As Halloween approaches get ready for the witches, broomsticks, black cats and rats to be out and about in the full force of fancy dress. You may notice that rats get a really rough deal; they’re often portrayed as the bad-guys in films and decorations. They do have one unusual trait that can be a little more ‘trick’ than ‘treat’, however!

Those of you that have owned rats may have noticed that they can occasionally get red or orange staining or crusting around their eyes and nose. This can give the appearance that they have been crying or sneezing blood – perhaps they are the scary little creatures we see in Halloween films? Or maybe there’s something else behind it…


The fancy name for this condition is actually ‘chromodacryorrhea’ or ‘red tears’ and is caused by a pigment in the normal tears of a rat. You may see an increase of a pink, red or orange liquid around the eyes or nose of your rat. This can give the appearance they have been sneezing or crying blood-tinged fluid. As the colour can vary in intensity, it can look severe and be quite concerning.  


If it’s not blood, what is it? 

Lots of mammals have third-eyelids (this is the pink bit you sometimes can see at the inner corner of cats/dogs eyes). Those with third-eyelids also possess an extra lacrimal gland (or tear gland) called the Harderian gland. In humans this gland is really small, and doesn’t really do anything. In rodents (including ratties!) this gland is larger and has an important function. 

This gland secretes a mixture of lipids (oils/fats) and products called melatonin and porphyrin. These secretions function to lubricate the eye and third eyelid, produce pheromones (chemical messages) and help to protect the retina (back of the eye) from ultraviolet (UV) light. 

It is these porphyrins, which are secreted by the gland, that are responsible for the red colouration given to the rat’s tears and are to blame for them “crying blood”.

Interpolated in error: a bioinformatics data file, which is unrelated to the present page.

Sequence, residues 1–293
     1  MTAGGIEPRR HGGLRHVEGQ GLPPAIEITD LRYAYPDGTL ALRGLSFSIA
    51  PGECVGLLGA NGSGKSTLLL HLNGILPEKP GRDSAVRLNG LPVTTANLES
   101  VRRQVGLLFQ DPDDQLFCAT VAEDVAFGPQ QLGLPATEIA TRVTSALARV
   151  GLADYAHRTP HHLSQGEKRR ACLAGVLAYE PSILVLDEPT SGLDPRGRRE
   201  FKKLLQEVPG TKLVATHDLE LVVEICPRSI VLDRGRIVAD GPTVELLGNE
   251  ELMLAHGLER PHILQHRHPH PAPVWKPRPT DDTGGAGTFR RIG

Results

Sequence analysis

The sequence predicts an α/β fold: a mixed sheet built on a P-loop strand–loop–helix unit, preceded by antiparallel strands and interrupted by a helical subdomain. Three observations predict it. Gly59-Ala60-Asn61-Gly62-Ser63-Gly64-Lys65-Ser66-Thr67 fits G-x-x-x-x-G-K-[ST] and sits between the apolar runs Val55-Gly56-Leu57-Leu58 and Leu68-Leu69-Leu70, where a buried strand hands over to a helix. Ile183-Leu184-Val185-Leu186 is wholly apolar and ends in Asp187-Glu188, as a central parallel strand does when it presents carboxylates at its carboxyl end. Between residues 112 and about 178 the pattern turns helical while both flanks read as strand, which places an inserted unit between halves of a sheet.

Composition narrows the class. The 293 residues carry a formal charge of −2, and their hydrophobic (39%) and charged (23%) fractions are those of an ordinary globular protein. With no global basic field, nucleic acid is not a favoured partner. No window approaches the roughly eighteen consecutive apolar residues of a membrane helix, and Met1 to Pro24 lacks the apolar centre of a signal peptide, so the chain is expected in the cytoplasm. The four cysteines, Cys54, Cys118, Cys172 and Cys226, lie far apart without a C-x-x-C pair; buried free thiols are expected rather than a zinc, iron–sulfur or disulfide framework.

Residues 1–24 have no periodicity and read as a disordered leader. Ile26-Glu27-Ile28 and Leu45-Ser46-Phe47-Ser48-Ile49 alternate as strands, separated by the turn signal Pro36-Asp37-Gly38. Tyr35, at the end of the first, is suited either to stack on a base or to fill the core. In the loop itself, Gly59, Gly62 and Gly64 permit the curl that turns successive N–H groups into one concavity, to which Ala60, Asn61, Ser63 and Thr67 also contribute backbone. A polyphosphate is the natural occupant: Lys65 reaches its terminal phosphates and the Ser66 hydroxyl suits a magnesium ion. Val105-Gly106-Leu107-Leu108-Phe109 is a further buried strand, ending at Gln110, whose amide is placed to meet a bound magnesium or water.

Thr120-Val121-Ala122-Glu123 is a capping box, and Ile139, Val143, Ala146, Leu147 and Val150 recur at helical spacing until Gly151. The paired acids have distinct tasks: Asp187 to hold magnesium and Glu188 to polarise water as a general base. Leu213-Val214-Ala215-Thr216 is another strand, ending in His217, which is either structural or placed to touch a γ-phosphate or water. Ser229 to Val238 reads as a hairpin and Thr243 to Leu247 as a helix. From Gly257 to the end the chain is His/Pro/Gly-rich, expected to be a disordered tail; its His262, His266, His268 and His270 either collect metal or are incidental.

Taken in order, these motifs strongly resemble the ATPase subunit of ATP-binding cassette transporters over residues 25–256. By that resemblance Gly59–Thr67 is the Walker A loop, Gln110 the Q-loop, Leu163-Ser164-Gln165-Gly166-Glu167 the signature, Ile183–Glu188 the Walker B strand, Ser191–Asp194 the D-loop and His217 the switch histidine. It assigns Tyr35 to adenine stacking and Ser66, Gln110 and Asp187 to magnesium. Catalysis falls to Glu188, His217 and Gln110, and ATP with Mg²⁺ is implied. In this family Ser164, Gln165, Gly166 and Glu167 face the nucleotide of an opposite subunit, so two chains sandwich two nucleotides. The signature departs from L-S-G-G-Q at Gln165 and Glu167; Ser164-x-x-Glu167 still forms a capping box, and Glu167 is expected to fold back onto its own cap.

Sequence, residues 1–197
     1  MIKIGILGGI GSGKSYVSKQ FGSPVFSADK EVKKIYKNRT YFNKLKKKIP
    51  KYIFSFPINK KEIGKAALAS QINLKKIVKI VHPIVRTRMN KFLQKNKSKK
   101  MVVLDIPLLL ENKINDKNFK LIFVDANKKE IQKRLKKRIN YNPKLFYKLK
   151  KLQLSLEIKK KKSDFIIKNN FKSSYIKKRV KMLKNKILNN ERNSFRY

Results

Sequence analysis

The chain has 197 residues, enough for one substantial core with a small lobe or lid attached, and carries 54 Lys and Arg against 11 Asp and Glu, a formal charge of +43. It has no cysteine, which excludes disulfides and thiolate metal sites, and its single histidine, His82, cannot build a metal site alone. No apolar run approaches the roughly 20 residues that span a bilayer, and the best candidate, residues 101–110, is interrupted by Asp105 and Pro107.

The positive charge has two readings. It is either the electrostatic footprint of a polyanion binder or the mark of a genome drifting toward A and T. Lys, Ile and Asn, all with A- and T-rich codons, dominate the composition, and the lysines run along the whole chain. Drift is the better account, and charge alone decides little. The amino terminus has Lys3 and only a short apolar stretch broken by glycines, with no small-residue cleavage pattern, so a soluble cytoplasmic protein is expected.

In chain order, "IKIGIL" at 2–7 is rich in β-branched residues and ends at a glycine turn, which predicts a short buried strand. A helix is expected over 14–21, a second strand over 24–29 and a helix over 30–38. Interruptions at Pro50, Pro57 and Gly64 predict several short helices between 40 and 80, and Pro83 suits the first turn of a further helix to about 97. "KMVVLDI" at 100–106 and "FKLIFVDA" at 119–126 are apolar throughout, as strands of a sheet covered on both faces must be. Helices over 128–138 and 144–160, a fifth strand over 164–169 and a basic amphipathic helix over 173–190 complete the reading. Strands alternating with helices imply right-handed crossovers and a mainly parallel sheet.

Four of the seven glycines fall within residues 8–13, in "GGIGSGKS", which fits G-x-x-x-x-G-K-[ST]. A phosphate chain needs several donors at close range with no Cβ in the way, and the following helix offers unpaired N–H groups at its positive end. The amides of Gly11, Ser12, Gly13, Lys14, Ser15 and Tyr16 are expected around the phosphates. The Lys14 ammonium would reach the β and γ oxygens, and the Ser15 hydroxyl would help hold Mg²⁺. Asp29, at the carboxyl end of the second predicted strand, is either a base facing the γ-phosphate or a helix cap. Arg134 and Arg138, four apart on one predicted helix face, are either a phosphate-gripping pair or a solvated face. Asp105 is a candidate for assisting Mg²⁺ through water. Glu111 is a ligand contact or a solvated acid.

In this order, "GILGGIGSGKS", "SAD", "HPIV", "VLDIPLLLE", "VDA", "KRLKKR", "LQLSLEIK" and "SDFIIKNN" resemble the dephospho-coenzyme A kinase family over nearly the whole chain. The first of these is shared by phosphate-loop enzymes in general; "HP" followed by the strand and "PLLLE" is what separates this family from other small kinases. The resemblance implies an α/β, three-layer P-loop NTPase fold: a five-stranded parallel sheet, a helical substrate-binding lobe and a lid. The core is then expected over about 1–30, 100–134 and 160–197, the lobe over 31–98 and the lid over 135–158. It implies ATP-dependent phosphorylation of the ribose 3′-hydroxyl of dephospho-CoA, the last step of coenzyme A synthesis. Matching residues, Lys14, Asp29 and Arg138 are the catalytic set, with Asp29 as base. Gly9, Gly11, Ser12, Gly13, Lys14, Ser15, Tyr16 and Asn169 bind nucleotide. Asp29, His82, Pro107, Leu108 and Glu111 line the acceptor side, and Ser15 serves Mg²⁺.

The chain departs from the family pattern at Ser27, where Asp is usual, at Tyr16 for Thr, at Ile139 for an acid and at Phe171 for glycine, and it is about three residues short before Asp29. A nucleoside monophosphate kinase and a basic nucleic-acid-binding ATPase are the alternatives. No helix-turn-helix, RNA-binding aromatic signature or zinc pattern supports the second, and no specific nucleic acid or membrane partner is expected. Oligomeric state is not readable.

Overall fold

Prophyrin facts:

  • It is produced and stored within the gland itself. 
  • Production increases as a rat ages (until around 2 years of age), then decreases again after that age. 
  • It will fluoresce (glow!) under UV light and your vet can use this fact to differentiate between blood or porphyrin secretions. 


Why is this important?

A very small amount of porphyrin staining around the eyes and nostrils can be normal; your rat should clean this by themselves during normal grooming. However, an increase can indicate an underlying health issue. 

Remember that there are some situations where your rat may actually be sneezing blood or may have injured themselves, and if you are concerned you must speak to or visit your vet for a health check. 

 Reasons for an increase in production include: 

  • Environmental stressors = arguments between cage-mates, overcrowding, competition for food, household noise.
  • Irritants = bedding materials, scented air-fresheners/candles in the home, strong cage disinfectants, smoking.
  • Illness:
    • Dental disease
    • Respiratory disease = bacterial or viral infections
    • Skin disease/tumours
    • Other
  • Eye issues = infection, trauma to the eye, blocked tear ducts
  • Poor nutrition = lack of access to good food or poor appetite
  • Dehydration 


What do we do about it? 

An increase or sudden production of red tears is a symptom of an underlying issue this is important. 

If your rat is not well then you must take him or her to a vet for a health check as soon as there are any signs of illness – I cannot stress this enough.  

At a health check your vet will check the front teeth, listen to the heart, lungs and examine for any other issues; of course, this depends on how wriggly your rat is for the examination!  Whether or not there are concerns raised at the health-check you need to review your management at home: 

  • Reduce stress in the household
  • Ensure your rat’s housing is appropriately sized (for the number in there!)
  • Provide enrichment (toys/climbing) to help reduce stress 
  • Check your bedding material; avoid scented or dusty materials
  • Don’t smoke (or allow others to!) around your pets
  • Ensure good quality food is available and that there’s enough for everyone to avoid competition.
  • Provide fresh water (bowls and/or bottles), change this daily. 


Remember, it’s not just hocus-pocus…

The sooner you start treatment for a condition or improve management at home then the better the chance of a positive outcome, and most importantly – the better your rat’s quality of life.